The method of entry is perhaps the most versatile out of all a-virus qualities, there are many methods, each with their own pros and cons. Of course, the brute force method is most widely used, where the a-virus just uses magnets to attach themselves to the hull or superstructure of their victim, aims their rockets at the surface, and burns at full throttle to melt through, like a super-overpowered plasma cutter. Of course, this method is detectable in multiple ways, as it is essentially just blasting through a wall, but it only takes seconds, and the a-virus is free to infect the habitat afterwards. Very similar is the less-disruptive, but also less versatile method of using single-use high-power chemical-pumped lasers to cut through their target. While this is extremely quite, and leaves a clean hole for the probe to enter, vastly decreasing the chances of detection, the chance of failure is vastly increased. Due to the nature of chemical laser technology, the lasers need to be pumped by a chemical reaction, which typically cannot be undone except in special, large, facilities, so a botched break-in with chemical lasers could leave the entire probe out of commission. In other instances, a simple electric drill is used. This system is about halfway between the two mentioned above - it is reliable, but not overly so, and it is noisy, but not overly destructive, either. The main advantage of a drill-based system is actually in the construction phase, though. The components required to make chemical lasers, for example, are specialty, and a lot of habitats might not have the materials on-hand at the time of industrial facility hijacking, making the entire operation a dud - obviously undesirable. Thus, the drill, made from little more than steel, has remained a competitive weapon in a-viruses ever since the first ones were released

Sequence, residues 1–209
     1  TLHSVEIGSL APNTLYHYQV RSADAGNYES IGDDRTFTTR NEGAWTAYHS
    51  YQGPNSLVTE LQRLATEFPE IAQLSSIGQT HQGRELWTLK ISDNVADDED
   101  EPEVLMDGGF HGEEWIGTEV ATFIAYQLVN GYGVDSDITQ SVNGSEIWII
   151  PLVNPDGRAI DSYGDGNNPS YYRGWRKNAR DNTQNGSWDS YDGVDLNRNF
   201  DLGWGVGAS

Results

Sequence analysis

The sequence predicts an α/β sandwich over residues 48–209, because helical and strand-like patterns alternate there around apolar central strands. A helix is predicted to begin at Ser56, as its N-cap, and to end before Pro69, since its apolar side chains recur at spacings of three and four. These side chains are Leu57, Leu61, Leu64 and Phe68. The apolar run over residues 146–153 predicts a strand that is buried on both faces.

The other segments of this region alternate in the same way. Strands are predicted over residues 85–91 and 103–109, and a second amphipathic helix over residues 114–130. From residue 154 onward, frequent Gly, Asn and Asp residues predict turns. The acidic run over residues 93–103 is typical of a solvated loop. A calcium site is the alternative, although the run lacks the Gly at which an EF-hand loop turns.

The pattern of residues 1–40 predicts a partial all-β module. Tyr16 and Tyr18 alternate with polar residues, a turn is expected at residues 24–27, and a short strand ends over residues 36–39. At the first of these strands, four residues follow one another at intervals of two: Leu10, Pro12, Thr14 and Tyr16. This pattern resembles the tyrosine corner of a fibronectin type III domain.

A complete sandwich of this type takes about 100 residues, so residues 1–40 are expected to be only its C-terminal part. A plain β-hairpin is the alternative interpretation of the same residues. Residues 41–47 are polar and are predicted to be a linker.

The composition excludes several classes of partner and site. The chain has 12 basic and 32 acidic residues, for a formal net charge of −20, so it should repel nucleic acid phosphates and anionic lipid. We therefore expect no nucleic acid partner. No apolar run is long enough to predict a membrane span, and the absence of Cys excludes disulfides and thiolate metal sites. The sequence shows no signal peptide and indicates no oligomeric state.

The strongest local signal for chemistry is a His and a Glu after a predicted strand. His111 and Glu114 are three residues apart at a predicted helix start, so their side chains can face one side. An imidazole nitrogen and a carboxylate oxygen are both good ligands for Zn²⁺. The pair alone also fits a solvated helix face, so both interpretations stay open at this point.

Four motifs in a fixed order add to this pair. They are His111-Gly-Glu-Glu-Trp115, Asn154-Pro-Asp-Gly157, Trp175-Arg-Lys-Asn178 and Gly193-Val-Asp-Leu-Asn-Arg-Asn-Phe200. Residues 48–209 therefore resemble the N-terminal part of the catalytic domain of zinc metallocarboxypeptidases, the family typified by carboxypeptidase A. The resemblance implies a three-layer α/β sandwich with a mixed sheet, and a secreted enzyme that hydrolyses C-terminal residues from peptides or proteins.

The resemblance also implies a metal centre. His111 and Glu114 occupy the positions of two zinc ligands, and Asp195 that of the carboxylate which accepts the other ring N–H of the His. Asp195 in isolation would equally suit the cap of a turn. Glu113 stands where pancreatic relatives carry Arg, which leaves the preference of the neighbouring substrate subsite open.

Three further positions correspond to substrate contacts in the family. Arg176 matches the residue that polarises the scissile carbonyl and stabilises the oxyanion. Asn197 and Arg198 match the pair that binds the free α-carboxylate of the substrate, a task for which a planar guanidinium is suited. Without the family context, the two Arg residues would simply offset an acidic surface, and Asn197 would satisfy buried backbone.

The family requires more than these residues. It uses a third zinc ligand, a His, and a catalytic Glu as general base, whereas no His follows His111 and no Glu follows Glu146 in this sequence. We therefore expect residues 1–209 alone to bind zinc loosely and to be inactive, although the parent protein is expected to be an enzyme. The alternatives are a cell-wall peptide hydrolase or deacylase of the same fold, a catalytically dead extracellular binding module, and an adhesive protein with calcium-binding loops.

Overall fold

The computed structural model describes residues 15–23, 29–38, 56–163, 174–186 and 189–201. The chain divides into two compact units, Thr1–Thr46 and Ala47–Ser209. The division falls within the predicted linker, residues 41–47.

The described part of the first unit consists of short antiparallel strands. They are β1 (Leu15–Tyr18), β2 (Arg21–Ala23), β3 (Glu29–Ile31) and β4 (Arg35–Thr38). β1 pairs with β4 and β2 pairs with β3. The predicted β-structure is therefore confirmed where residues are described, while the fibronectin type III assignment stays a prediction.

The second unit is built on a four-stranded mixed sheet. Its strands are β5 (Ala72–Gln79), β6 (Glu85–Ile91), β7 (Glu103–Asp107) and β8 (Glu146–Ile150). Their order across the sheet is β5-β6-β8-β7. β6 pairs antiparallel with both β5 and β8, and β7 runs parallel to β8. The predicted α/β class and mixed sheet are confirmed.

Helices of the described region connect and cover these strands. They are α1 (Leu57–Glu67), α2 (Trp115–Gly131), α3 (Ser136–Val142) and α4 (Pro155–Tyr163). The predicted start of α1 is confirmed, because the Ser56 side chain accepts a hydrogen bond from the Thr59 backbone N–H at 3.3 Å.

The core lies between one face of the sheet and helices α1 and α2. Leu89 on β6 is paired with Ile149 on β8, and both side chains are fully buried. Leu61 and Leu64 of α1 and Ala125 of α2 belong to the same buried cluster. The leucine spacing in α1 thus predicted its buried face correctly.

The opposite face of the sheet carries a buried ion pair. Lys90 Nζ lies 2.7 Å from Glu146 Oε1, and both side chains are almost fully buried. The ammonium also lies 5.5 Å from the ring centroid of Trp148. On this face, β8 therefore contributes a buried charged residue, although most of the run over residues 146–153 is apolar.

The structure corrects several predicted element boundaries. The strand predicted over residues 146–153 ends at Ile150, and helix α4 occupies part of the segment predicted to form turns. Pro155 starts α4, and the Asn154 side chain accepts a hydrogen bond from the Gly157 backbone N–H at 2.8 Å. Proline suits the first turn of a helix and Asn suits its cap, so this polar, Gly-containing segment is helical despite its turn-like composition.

However, some probes are much sneakier when it comes to their transmission method. Most habitats have airlocks, which typically have outside control panels in case anyone accidentally locks themselves out - having access to the habitat denied is not what one will want to see when their suit's air supply is leaking or they need a gas refill quickly. Thus, there is usually a computer terminal on the outside of the habitat. And of course, where there is an exterior terminal, there are a-viruses that exist to exploit it - here by downloading their programming through the terminal into the interior of the habitat. This method is risky, though, since airlocks are typically well-defended by flak artillery units. Another, equally sneaky type of a-virus is the kind that pretends to be a delivery from the inner system (usually Nivenia Prime, since their components are usually of the highest quality, and thus a prize to any habitat that acquired them), gets hauled inside the docking area, and ported inside the habitat, and then sprouts treads, homes in on the nearest computer terminal, and downloads its package. This method is actually quite common, as pretending to be a package does not usually come with a high risk. Still, a large minority of habitats are scared enough of these machines to undergo routine checks on packages entering to make sure they do not contain malicious content.